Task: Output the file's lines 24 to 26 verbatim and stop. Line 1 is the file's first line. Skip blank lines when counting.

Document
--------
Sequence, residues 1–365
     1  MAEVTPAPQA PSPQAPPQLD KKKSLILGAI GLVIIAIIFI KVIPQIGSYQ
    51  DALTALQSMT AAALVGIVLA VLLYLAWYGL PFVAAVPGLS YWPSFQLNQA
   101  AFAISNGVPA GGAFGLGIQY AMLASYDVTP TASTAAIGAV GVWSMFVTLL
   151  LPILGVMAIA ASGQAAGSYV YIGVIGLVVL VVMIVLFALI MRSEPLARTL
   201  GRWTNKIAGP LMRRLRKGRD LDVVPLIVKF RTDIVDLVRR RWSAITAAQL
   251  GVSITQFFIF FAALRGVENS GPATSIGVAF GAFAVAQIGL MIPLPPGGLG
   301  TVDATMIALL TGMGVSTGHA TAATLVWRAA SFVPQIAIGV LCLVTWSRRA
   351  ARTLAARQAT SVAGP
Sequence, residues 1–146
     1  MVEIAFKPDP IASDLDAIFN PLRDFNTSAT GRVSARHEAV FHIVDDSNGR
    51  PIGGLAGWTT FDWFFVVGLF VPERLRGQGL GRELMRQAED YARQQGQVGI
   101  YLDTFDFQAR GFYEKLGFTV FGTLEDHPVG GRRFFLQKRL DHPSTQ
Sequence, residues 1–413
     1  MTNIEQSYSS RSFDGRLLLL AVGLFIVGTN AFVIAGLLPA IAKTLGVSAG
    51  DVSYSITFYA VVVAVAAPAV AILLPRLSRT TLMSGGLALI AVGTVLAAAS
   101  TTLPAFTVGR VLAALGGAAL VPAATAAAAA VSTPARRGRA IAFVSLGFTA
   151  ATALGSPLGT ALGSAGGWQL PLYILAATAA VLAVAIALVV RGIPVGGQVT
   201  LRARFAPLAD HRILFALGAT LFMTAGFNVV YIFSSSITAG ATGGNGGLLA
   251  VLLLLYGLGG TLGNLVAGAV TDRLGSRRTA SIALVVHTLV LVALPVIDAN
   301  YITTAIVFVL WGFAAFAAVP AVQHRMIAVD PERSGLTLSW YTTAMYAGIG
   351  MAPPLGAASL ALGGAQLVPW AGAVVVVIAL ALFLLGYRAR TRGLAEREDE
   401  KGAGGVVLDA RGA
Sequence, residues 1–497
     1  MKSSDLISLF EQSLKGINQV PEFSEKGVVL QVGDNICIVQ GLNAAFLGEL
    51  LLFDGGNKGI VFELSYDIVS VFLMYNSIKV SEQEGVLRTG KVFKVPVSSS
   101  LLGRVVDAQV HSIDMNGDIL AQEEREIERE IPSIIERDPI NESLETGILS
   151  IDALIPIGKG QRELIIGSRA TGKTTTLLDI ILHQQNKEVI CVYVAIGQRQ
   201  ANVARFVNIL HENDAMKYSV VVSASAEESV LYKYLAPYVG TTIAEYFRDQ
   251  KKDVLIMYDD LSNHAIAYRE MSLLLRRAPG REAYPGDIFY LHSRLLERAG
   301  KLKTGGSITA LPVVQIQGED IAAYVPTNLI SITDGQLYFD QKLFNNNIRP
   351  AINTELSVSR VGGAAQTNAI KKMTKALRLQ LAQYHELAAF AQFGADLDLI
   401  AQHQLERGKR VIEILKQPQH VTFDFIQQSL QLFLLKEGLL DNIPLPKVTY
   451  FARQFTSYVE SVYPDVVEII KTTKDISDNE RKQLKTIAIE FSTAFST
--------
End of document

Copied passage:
Sequence, residues 1–497
     1  MKSSDLISLF EQSLKGINQV PEFSEKGVVL QVGDNICIVQ GLNAAFLGEL
    51  LLFDGGNKGI VFELSYDIVS VFLMYNSIKV SEQEGVLRTG KVFKVPVSSS